The successful isolation of a specific type of streptococcus from the stools of patients having poliomyelitis is of special interest because of the demonstration of a toxic factor10,11 and of poliomyelitic virus in the stool12-17 and sewage18 in relation to poliomyelitis, thus adding one more material in which the streptococcus and virus are found to be associated. Experiments were conducted to determine whether virus in the stool might be virulent for mice and if so, whether the poliomyelitis type of streptococcus could be isolated from the brain and spinal cord of mice that succumbed to virus.
Detection in Stool of Virus Virulent for Mice
Five per cent emulsions from stool or filtrate of emulsions or both of fifty-four cases of poliomyelitis were inoculated intracerebrally (0.03 c.c.) or intranasally (0.03 c.c.) or both into 408 mice of which seventy-six (19 per cent) died in from three to twenty-one days without development of gross lesions of brain, lungs or other viscera. Many of the remaining mice succumbed in from one to four or five days from bronchopneumonia associated with a mixture of organisms while others remained well. Sections of the brains of sixty-seven of the seventy-six that had died without gross lesions of the lungs revealed degeneration, perivascular and parenchymatous infiltration and other lesions of polioencephalitis. These sixty-seven mice had received emulsions from the stools of thirty-four patients.
Successive passage experiments were done with emulsions (0.03 c.c. intracerebrally) of the brains of mice that succumbed to polioencephalitis after inoculation of the stools of nine patients ill from two to twenty-one days. Twenty-seven of forty-eight mice inoculated with the stool in the first passage, eleven of twenty-nine and five of sixteen in the second passage, inoculated respectively with emulsion or filtrate of emulsion of the brain of mice that had succumbed to inoculation of stool, three of four and nine of twenty-eight inoculated respectively with emulsion or filtrate in the third passage, four of twelve inoculated with filtrate in the fourth passage, eleven of twelve and two of eight inoculated respectively with emulsion or filtrate in the fifth passage, and six of seven inoculated with filtrate in the sixth passage succumbed in from three to twenty-one days without gross lesions. Thus fifty-two (56 per cent) of ninety-three mice that received emulsion, and twenty-six (37 per cent) of seventy-one mice that received filtrate or a total of seventy-eight (48 per cent) of 164 mice inoculated with virus in these passage experiments succumbed presumably to polioencephalitis. Cultures of the brain yielded the streptococcus in eleven of twenty-one mice that received emulsions and in four of thirteen that received filtrates, or a total of fifteen (44 per cent) of thirty-four mice. The brain and spinal cord revealed typical lesions of polioencephalitis (fig. 3).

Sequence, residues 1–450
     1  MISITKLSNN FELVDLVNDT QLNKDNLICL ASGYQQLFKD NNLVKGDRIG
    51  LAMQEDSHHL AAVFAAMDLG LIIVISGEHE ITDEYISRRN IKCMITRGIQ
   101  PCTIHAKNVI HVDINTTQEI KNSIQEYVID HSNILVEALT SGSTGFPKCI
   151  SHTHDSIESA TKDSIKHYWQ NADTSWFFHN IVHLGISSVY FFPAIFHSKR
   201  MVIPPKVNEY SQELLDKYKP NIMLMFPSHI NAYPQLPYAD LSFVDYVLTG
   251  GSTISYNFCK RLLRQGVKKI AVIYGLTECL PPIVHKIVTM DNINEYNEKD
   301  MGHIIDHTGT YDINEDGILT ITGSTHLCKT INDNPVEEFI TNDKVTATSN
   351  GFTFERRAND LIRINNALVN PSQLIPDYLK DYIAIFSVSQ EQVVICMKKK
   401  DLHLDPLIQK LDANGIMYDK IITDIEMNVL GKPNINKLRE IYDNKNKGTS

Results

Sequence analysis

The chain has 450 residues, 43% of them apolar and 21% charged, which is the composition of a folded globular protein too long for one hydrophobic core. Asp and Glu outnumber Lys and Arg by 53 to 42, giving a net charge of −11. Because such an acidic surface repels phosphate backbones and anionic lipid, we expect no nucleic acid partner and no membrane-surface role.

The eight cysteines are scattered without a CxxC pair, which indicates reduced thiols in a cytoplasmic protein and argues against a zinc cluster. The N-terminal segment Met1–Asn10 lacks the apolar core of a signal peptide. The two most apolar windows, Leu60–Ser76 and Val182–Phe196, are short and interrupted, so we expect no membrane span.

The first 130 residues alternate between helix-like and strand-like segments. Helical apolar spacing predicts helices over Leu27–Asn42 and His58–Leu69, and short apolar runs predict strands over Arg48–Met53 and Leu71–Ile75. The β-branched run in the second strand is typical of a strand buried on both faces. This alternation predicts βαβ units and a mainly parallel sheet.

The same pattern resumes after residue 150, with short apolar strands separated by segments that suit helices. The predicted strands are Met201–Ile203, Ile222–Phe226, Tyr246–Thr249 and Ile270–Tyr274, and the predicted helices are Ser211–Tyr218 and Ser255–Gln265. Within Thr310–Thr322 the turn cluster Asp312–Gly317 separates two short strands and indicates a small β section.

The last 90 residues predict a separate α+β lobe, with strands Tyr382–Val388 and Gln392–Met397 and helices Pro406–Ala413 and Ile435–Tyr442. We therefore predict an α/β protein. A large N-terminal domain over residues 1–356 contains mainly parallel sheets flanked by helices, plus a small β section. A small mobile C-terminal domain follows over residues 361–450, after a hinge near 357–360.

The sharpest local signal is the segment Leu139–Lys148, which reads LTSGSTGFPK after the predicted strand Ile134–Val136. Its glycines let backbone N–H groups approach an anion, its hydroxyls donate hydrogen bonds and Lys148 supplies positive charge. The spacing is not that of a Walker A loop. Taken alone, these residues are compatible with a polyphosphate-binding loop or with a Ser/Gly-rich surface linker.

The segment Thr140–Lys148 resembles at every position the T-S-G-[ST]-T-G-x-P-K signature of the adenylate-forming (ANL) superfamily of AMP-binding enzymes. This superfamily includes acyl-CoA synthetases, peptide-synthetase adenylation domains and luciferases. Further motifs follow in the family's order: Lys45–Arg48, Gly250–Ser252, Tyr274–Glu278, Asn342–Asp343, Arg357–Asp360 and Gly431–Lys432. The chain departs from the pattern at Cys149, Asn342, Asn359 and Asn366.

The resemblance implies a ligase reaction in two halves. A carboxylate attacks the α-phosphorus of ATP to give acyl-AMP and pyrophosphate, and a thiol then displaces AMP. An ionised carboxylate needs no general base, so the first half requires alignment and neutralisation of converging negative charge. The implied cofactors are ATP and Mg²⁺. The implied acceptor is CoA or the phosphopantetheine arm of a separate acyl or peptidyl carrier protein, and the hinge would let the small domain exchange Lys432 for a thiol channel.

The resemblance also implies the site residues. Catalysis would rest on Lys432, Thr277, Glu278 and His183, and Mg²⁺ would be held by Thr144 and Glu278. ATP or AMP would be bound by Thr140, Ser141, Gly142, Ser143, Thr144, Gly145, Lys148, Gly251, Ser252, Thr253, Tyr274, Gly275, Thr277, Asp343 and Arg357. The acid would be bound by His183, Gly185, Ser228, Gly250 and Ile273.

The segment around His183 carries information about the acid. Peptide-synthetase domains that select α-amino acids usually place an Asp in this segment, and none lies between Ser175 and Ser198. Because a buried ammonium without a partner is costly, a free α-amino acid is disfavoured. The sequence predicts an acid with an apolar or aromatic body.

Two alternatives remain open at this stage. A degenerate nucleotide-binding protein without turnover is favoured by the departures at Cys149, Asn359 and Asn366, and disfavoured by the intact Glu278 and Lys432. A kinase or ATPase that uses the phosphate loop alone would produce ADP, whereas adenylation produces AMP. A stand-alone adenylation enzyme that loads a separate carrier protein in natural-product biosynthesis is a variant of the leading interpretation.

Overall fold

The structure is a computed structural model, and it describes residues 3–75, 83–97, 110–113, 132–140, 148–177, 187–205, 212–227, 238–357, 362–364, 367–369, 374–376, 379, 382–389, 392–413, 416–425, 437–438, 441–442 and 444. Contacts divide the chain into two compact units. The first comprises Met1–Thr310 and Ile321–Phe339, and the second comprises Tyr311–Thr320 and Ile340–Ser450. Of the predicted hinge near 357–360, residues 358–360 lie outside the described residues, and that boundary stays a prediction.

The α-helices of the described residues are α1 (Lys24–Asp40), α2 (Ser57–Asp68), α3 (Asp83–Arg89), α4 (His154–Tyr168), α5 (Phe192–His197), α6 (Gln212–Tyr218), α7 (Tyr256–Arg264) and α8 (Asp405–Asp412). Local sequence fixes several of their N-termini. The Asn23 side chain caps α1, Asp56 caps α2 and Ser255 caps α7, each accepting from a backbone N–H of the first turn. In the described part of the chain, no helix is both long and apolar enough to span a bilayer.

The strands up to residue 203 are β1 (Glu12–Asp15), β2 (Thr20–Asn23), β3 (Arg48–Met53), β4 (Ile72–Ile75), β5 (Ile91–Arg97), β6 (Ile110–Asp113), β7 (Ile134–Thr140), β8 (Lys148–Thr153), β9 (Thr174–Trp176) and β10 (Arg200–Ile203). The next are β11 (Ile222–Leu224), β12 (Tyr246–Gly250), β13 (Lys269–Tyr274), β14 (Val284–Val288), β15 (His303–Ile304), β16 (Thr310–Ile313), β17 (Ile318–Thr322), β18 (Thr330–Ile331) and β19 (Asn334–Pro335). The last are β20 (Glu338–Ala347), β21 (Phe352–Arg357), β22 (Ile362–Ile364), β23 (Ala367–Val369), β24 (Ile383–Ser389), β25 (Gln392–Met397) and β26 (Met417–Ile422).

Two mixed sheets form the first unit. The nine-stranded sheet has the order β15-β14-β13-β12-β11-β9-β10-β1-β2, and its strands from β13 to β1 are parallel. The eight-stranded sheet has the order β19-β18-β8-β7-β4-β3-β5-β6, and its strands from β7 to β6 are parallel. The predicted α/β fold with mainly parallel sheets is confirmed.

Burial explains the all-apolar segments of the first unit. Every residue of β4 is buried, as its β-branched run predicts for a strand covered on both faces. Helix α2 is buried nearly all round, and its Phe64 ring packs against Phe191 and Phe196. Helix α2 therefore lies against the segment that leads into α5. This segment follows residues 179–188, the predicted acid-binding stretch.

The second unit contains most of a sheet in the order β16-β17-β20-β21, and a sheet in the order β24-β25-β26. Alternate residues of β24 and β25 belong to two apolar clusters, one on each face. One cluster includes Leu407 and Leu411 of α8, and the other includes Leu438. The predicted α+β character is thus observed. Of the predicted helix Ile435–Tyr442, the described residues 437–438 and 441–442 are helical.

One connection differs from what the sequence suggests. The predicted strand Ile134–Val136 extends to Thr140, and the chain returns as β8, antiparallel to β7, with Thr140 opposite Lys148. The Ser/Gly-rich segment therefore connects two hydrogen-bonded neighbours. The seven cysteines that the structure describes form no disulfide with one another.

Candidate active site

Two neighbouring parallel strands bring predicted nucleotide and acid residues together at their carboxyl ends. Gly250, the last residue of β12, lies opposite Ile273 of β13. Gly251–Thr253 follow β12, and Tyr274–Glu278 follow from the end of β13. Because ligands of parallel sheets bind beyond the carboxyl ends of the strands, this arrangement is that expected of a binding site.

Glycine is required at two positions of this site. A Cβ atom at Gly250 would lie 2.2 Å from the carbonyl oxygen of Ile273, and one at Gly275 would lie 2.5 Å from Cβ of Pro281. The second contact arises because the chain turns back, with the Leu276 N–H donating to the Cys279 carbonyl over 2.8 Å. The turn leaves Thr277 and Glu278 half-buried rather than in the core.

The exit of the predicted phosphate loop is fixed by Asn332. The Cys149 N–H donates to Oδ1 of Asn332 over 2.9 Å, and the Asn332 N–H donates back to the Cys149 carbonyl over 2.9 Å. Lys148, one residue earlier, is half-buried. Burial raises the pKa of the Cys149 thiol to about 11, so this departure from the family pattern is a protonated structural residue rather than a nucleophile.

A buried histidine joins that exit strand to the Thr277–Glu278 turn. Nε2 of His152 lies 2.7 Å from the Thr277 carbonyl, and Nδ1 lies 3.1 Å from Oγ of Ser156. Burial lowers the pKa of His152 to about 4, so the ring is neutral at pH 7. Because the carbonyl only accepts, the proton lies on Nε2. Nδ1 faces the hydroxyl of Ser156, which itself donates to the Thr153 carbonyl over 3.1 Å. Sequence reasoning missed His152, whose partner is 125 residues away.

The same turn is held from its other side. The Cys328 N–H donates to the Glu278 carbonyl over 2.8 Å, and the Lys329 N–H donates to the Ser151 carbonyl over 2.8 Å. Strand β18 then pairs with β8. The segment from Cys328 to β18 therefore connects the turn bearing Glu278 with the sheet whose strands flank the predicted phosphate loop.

Fig. 3a. Lesions in the brain, and b, anterior horn of the spinal cord, of a mouse that succumbed to polioencephalitis after inoculation of virus in the third mouse passage, derived from the stool of a patient in the acute stage of poliomyelitis (hematoxylin and eosin, x 185).
Filtrates or emulsions or both of stools from eight persons who were convalescing from poliomyelitis and from forty-one persons having chronic diseases were inoculated into 191 mice; only three died in from three to twenty-one days. Sections of their brains were free from lesions.